‘More devastating than any nuclear war’: John McAfee on the coming cyber war with ISIS
Not many people know John McAfee is running for president, but possibly even fewer understand the scope of the war against Islamic State (IS, formely ISIS/ISIL) the way he does.
When asked if Republican frontrunner Donald Trump’s strategy against IS was reasonable, McAfee answered, “No, absolutely not.” That’s an answer most other rivals would agree with, but to McAfee, it’s not about where and how to use the military. To defeat ISIS, America must face its own “cyber illiteracy” and other faults before engaging in what he purports to be the next World War – a cyber war.
“They are far more clever in cyber sciences than we ever gave them credit for,” McAfee said of IS in an interview with RT. The candidate who created his own political brand, the Cyber Party, went on to describe the terrorist group’s Amaq news application for smartphones.
“It’s basically the ISIS propaganda application which runs on Android machines. We managed to get a copy of that application. It was very difficult, because ISIS distributes the app secretly through email attachments and message attachments asking their followers to pass it on in a like manner.”
Yet the app is more than simple propaganda. It facilitates terror attacks, but of a kind mostly unseen by the mass population yet.
“We’ve discovered that inside the app, the application has the capacity to do denial-of-service attacks across the internet,” McAfee said, referring to DDoS attacks, which aim to disable or take over digital networks.
“For example, we believe that it was this application that tried to bring down the root servers of the internet last week, a massive attack – unprecedented – that we’ve never seen before,” he said. Last week, the world’s 13 internet root name servers sustained an onslaught of DDoS attacks, leaving several websites loading slower before the attackers relented.
“There’s simply no way to take everybody’s smartphone away from them. Neither is there any way to know what everybody is doing on their smartphones, so the cyber war has moved from big servers that try to attack other servers, to software that ISIS has developed, that runs on everybody’s smartphone. And keep in mind, there are 1.6 billion Muslims in the world. Fifteen to 25 percent, as current estimates, are extremists. Even if a small percentage of those are following the ISIS news app, then we have tens of millions of users of this application. It’s a very frightening situation,” McAfee said.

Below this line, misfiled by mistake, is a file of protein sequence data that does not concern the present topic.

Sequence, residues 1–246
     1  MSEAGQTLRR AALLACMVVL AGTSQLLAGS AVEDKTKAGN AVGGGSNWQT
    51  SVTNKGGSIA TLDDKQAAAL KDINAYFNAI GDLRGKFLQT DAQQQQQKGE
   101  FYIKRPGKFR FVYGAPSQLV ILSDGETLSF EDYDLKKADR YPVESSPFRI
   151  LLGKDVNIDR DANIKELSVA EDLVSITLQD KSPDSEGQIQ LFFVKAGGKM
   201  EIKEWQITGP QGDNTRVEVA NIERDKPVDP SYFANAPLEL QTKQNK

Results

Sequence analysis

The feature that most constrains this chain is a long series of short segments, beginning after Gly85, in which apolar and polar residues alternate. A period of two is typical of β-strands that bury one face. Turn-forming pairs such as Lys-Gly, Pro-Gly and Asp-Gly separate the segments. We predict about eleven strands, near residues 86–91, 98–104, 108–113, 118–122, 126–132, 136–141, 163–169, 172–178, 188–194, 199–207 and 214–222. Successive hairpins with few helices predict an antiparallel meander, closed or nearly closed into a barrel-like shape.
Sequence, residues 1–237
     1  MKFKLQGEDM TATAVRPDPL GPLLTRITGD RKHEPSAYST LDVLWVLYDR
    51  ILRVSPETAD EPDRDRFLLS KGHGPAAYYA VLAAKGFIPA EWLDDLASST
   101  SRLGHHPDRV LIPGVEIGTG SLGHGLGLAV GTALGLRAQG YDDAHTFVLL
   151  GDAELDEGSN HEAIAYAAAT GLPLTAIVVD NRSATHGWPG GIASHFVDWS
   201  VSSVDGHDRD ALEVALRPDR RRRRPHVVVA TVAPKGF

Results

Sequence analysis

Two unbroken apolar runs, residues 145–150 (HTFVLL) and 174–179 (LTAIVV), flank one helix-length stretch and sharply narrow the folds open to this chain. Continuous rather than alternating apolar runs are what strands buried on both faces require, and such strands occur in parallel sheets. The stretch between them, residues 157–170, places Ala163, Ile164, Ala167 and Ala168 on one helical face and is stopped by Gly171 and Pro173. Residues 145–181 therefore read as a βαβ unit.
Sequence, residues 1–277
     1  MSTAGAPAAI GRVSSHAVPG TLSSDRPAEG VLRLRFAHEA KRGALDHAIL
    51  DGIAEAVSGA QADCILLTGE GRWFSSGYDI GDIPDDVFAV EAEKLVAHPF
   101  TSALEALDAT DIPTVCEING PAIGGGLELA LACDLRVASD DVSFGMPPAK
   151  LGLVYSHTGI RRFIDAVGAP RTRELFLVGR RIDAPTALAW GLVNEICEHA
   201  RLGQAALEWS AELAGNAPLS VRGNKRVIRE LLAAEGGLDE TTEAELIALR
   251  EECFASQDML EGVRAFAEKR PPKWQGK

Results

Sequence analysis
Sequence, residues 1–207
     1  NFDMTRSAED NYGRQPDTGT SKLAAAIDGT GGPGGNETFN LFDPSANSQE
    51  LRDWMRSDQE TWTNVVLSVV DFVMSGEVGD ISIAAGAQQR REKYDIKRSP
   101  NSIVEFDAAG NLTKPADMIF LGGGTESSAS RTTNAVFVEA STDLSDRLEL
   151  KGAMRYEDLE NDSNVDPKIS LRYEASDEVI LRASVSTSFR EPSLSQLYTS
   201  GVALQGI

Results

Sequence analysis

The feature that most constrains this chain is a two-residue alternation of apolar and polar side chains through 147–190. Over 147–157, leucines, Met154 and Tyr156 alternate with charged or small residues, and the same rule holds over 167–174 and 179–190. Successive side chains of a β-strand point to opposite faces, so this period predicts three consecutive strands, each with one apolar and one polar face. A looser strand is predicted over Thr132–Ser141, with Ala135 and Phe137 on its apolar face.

Asked whether there was any role for domestic mass surveillance in the effort to defeat IS, McAfee dismissed the notion entirely.
“Mass surveillance does not mean that you have the capacity to analyze the data that you’re surveilling. This is the issue,” he said. “Every day, the US government collects terabytes of information. That’s trillions of bytes of information about what’s happening, but they have no capacity to analyze that efficiently.”
“When they do find something out, it’s usually an opportunistic accident that they find something out.”
McAfee, however, did not rule out surveillance for potential foreign enemies. He also noted that surveillance and spying have led to problematic meddling and intervention.
“What is the common attitude for the citizens in Iraq and Iran and Syria? What do they feel about America? What do they feel about the things that we are doing? This is what we should be finding out,” he said. “We are completely oblivious to other countries. We have terrorism, because we as Americans have played the world policeman and interfered in the affairs of foreign states for far too long.”
“Now, we can certainly find information about the outside world, so that we can know what other people are planning and react to that, but please, look at the history. Take some blame, America.”
The interview then turned to the hacker group Anonymous, which took down thousands of IS social media accounts several weeks ago. McAfee said Anonymous is “taking its toll on the ISIS cyber war.”
For example, he said that within IS’ news app, the group had assumed Anonymous had taken down their last server and was sending broadcasts asking where the most current server was. He said that while Anonymous is “definitely pushing them into a corner,” the group is unlikely to halt IS’ communications completely.
“Can they succeed in silencing them? I don’t think so, I don’t think so. There are far too many extremists, there are far too many devotees, and ISIS does have enormous technical competence in this cyber world,” McAfee cautioned.
McAfee concluded by telling RT, “We have to prepare ourselves, because the next war is not going to be fought with bombs and battleships and airplanes. It’s going to be a cyber war, far more devastating than any nuclear war.”